Records of A.P. Woodward, an apothecary or druggist from Greenwood, New York. Consists predominantly of an journal recording accounts with individuals for book, listing medical conditions and medications sold. The middle section of the volume is left blank but both the front and back part have been used. In addition, there are some loose items, 1886-1907, consisting of business correspondence, orders, receipts and bills, as well as advertisements for A.P. Woodward's products.
Appointment of Edmund Gibson, Bishop of London, as Chancellor of the College of William & Mary, dated April 2, 1729. Written in Latin on parchment, it is signed by James Blair, who was both President of William & Mary and Rector of the Board of Visitors in 1729. The appointment also features the original college seal.
An appraisal of property conducted on January 23, 1936 by the Appraisal Committee of the Virginia Real Estate Association. The property became a part of Seashore State Park, which is now First Landing State Park. This document contains photographs of the land, along with a map of the property.
One page prose poem with several April Fools' Day romantic sayings, like "As sure as the grapes hangs on the vine, I'll be yours and you'll be mine." Signed "Mr. I Don't Know Who." It was written from Fiddlers Green, Virginia using a black ink fountain pen.
Textbook on Geometry and Surveying, 1825, by Ale[xander] W. Arc[her], [Petersburg, Va.]
Typescript copy of diary, 1931, of W. A. Archer's anthropological and biological expedition to El Choco, Colombia. The volume includes black and white photographs of the region and of its people.
Arithmetic book of an unidentified student.
Collection of six letters from addressed to Florence E. DeSantes. Cashier served as a Private in Company "G" of the 16th Infantry Division during World War, II. His letters are from North Africa and England where Cashier was training for the Allied invasion into France. He writes about missing his sweetheart, Florence, anticipation of their upcoming wedding, and of wishing the war was over or that he could at least get a furlough for a short while before fighting again.
This letter was written to John R. Armistead, while a student at the College of William and Mary, by his uncle, M. A. Armistead. It is dated December 22, 1834. It authorizes John Armistead "boarding out of college, providing it meets the regulations of the institution."
Broadside, "A Card from the Engineer of The E.L. Asylum" by Galba Vaiden, late engineer of the Eastern Lunatic Asylum, about favoritism in firing and hiring employees. Possibly 1890.
Small notebook, belonging to an Armistead Family member, which includes names of a circa 1910 football team following family account information from 1901. Handwriting is different.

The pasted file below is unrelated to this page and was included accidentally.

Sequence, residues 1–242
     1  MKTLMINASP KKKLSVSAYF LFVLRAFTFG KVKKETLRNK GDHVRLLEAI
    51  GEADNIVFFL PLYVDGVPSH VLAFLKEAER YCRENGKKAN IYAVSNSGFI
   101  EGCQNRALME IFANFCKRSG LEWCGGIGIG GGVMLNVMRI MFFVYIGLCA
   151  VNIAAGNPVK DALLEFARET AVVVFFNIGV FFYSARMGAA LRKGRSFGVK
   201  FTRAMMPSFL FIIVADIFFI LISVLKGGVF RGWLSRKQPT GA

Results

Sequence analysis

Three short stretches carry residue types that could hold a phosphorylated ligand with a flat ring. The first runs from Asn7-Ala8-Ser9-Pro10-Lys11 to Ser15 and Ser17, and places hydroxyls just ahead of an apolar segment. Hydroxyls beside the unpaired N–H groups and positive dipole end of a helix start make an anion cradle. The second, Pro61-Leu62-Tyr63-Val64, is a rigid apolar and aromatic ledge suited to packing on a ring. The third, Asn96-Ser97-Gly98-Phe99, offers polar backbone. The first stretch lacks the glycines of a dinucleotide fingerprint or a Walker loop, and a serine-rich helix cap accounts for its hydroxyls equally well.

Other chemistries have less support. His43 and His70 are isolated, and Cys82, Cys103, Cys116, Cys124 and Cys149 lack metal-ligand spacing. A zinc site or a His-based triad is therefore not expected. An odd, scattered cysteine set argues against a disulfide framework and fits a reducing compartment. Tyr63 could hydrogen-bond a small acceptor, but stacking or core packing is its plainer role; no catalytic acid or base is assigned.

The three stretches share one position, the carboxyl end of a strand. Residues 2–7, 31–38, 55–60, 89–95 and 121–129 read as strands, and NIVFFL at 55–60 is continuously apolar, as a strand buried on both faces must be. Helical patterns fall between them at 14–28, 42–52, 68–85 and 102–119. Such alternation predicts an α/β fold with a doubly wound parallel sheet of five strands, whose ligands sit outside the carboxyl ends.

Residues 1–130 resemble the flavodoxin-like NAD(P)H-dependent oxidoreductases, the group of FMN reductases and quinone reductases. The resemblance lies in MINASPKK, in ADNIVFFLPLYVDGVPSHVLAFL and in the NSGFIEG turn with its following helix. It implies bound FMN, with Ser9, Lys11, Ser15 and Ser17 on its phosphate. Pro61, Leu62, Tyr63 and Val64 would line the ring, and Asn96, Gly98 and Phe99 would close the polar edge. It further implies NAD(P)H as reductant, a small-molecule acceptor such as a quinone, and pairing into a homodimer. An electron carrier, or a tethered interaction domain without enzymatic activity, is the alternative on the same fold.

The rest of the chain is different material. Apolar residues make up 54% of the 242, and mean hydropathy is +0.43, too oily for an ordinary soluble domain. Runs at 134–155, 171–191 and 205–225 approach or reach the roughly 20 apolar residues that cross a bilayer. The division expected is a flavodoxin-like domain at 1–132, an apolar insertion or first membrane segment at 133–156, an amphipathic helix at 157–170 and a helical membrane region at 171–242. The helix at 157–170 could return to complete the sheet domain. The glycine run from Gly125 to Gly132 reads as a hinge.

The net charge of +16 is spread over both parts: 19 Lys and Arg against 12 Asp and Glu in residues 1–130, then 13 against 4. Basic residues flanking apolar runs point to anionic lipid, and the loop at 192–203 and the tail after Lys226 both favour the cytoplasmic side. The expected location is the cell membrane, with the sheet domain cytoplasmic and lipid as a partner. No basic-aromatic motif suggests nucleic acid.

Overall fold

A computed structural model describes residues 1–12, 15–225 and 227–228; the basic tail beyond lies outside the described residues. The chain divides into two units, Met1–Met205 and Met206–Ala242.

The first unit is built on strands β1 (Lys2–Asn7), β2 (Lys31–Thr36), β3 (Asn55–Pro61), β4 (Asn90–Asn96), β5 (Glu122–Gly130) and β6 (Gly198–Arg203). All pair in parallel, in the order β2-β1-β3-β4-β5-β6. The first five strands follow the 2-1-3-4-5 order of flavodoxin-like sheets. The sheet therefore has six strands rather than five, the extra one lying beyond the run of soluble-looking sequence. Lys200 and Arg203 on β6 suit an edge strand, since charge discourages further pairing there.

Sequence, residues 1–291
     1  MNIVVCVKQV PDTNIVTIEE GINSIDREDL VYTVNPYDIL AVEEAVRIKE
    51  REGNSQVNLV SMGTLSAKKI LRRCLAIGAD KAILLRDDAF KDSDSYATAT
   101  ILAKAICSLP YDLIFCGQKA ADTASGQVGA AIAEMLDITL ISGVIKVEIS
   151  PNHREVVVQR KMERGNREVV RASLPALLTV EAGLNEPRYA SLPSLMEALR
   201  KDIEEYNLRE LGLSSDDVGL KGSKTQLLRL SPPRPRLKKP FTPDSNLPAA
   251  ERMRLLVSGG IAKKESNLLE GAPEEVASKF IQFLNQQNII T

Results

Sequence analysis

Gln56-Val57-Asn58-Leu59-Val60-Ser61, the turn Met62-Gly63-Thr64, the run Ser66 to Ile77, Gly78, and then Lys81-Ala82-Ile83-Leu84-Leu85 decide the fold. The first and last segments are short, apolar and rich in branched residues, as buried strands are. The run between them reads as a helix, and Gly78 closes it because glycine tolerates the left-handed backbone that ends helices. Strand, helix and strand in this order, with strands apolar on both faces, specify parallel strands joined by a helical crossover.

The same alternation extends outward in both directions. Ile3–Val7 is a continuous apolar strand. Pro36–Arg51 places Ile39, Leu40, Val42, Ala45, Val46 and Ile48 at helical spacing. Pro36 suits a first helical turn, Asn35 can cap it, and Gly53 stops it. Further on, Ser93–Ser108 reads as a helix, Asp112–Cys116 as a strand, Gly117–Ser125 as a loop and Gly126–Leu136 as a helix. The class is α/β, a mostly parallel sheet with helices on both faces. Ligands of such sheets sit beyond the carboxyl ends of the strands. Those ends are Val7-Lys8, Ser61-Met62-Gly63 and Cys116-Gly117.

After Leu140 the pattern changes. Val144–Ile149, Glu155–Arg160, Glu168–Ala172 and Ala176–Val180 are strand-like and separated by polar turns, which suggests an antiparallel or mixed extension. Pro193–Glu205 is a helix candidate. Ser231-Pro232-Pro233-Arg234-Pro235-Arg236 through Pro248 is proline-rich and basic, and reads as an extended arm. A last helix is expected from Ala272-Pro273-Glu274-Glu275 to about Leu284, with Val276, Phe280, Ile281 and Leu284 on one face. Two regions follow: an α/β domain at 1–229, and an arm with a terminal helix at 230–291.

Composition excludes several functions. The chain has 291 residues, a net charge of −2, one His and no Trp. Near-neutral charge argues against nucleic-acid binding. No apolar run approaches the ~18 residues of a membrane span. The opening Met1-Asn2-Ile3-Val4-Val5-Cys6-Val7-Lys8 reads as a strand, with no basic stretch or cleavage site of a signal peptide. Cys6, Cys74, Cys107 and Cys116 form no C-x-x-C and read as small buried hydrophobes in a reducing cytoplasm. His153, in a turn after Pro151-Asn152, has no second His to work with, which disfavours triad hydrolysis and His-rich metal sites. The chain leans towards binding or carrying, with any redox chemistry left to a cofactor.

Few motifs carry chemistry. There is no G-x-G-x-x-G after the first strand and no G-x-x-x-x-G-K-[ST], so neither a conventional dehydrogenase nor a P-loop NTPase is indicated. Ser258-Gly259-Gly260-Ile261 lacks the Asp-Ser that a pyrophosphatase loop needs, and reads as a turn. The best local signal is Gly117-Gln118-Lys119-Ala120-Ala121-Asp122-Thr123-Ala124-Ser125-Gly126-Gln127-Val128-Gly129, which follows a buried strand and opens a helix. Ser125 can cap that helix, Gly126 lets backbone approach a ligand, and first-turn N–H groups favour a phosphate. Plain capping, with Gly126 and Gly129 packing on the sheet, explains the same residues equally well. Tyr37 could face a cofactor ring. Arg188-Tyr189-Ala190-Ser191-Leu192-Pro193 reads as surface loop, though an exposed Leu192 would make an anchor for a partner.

Copies of papers concerning the Armistead family of Williamsburg, Va. Includes copies of wills; letter of R. T. Armistead concerning his Civil War record; Confederate passes issued to Robert H. Armistead and his oath of allegiance to United States. Includes copies of letters of Cynthia Beverley (Tucker) Coleman and printed circular of Female Seminary, Williamsburg, Va.
This collection consists of three notebooks containing lecture notes taken by Alfred R. Armstrong in Roscoe C. Young's advanced physics classes, 1932-1933, at the College of William and Mary.
This collection also includes several report cards for Alfred R. Armstrong, 1928-1931, accompanied by his comments regarding the grading process and his professors, transferred from the Faculty-Alumni File Collection.
Papers of William and Mary student Edward Ashby Armstrong, including poems, essays and homilies; certificates of distinction; letters of recommendation from Thomas Jefferson Stubbs and Lyon Gardiner Tyler; and grade reports.
Papers composed mostly of accounts, but also including some correspondence of William H. Armstrong, Richard P. Armstrong and other members of the Armstrong family of Middlesex County, Virginia. Includes two letters, 1869 and 1885, written by Alex Armstrong of Demopolis, Alabama. reflecting economic and agricultural conditions there.
Letter, February 26, 1937, of James Armstrong to John Crowninshield written from Norfolk, Virginia. The letter mentions a ship, Macedonean, and the Navy Yard. It also refers to U.S. President Andrew Jackson's term in office imminent end and that Martin Van Buren enters office under auspicious circumstances.
This collections consists of a single letter dated October 17, 1917, written by a British soldier at a hospital in France while he recovered from a battle wound. It is addressed to the soldier's parents, Mr. and Mrs. Arnold of Syston in Leicestershire, England, and is signed "Will." The letter expresses his eagerness to rejoin "the boys" the next day.
This collection consists of one typewritten advertisement promoting photographic studio services offered by Linwood Marshall Aron's [aka "Woodie" Aron] and another William & Mary student, Frank Hubbard Stevens, Jr. Also in the collection is one news clipping.